Tuesday, June 26, 2012

Spot Removal and LR4 Adjustments

A friend of mine asked me a couple of questions the other day about using the new version of Lightroom 4 (LR4), and since we're thousands of miles and many time zones apart I decided to help via the blog and YouTube. Hopefully some of this may help others too, so here goes!

There are two videos here... the first one talks about Spot Removal. The second talks about using the Adjustment Brush. Both use a couple of photos in the Lightroom library. The idea will be to clean up the spots first on a reference image and then use that to Sync a target. Then we'll continue on the target with brush adjustments.

Both videos are best viewed full screen at 720p HD.

Friday, June 22, 2012

Kamehameha Day Parade 2012

It was parade time again this past weekend, and one of my favorite photo ops of the year.  The colors and the joy on faces everywhere makes this day an annual favorite.  This year the weather was perfect once again and I shot everything with one of my best lenses, an 80-200mm f/2.8 zoom.  It is the "fast" nature of any f/2.8 lens when shot close to wide open that yields photos with a crisp clean subject and creamy backgrounds. In photo terms, that background cream is known as bokeh.

You can find the images here and many more of the festivities at my PBase photo site.


Monday, June 18, 2012

Blown Away

Go ahead and laugh at this right out loud. I did.

Wednesday, June 13, 2012

Monday, June 11, 2012

Skating the Cup

The season is over.  Tonite the Los Angeles Kings hockey club won an improbable Stanley Cup championship for the first time in their 45-yr history.  Improbable because they came into the playoffs as an 8th seed, yet on their way to the finals they easily disposed of a #1 seed (Vancouver) in 5 games, a #2 seed (St Louis) in 4 games, and a #3 seed (Phoenix) in 5 games.  They won the cup with a 16-4 record including an amazing 10 of 11 games on the road.

It looked like it would be an easy run to the cup when the Kings won the first 3 games in a race of the best out of 7 against New Jersey, but the Devils were not done when they won Game 4 in LA and again in NJ in Game 5 to force a Game 6 back in LA today.  Game 7 became unnecessary when the Kings blew NJ out of the house with a 6-1 win today.

Skating the Cup is tradition in hockey, and a goal of anyone who plays the game seriously.  It's that rare opportunity to raise the most hallowed trophy in sport above your head and take it for a spin around the rink.  It's 35# of precious sterling silver engraved with the names of the greatest players to ever strap on a pair of ice skates and risk their body for the fastest sport played.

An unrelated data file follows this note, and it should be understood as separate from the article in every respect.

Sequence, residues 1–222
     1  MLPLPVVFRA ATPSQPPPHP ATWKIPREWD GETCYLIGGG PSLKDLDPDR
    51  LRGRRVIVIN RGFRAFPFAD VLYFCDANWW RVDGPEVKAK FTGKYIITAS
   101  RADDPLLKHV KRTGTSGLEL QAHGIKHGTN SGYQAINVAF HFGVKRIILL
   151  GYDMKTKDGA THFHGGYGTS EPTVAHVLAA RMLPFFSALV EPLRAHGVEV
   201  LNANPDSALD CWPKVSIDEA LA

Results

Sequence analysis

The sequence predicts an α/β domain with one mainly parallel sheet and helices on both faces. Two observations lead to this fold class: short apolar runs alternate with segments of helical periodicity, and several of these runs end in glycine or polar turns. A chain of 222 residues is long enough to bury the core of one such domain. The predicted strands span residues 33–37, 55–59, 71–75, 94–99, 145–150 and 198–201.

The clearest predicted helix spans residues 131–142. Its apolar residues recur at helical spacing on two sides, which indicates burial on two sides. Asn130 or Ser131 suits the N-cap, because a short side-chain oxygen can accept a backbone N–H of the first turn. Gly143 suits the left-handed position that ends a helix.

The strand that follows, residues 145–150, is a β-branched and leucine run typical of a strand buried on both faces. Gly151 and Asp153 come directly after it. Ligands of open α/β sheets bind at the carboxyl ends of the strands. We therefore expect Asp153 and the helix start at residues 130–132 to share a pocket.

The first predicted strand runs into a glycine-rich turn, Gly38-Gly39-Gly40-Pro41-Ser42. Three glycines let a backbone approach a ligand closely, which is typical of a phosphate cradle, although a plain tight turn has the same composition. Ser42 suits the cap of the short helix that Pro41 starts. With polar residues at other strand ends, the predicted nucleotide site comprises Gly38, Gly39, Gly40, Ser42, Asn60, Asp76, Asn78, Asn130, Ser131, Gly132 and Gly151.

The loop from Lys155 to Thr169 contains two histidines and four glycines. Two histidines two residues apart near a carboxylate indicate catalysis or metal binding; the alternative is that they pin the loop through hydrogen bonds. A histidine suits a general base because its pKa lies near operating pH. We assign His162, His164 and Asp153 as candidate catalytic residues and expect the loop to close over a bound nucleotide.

Congratulations to the LA Kings!  Congratulations also to Jonathan Quick, this year's Conn Smyth winner as most valuable player in the playoffs.  For all of you, enjoy the summer, and enjoy your upcoming day with the cup... another tradition unique to this professional sport.  You deserved it.

Tuesday, June 5, 2012


EXIF:  1/500s f/11 at 300mm iso1600.

Every once in a while I still enjoy a little astronomy... no where near as much as I once did, but when something like today's transit of Venus across the sun happens I need to find a way to be a part of it. No one will get to see this happen again for another 105 years!

Years ago I bought a small Questar telescope. Its mirror was only 3.5" diameter but it was perfect for planetary astronomy. What I used it for most however was for watching and tracking the movement of sunspots because of the handy little built in solar filter it had. It was the perfect rig to set up in the backyard on weekend and just observe. I used it more for sunspots than anything else.

One of my early observations with it included at night watching Io transit the face of Jupiter. I didn't even know it was going to happen but as I noticed Io getting closer to one edge it began casting a shadow on the face of the planet. Over the course of the evening I watched the tiny speck of Io's light go out, the shadow transit, then disappear, and then Io pop out the other side. It made an impression.

Watching Venus move over the face of the sun today was no less impressive. I made this image in the middle of my workday hand held with a Nikon D3 DLSR and a home made solar filter taped (draped is a better word) over the lens. Nothing fancy... just good old backyard astronomy. Something must have gotten a little wonky on the second image. I'm just happy they all came out as sharp as they did.

You'll surely see better images on television or in the magazines, but there's nothing like seeing something like this with your own eyeballs. That quality simply can't be beat whether you record it somehow or not.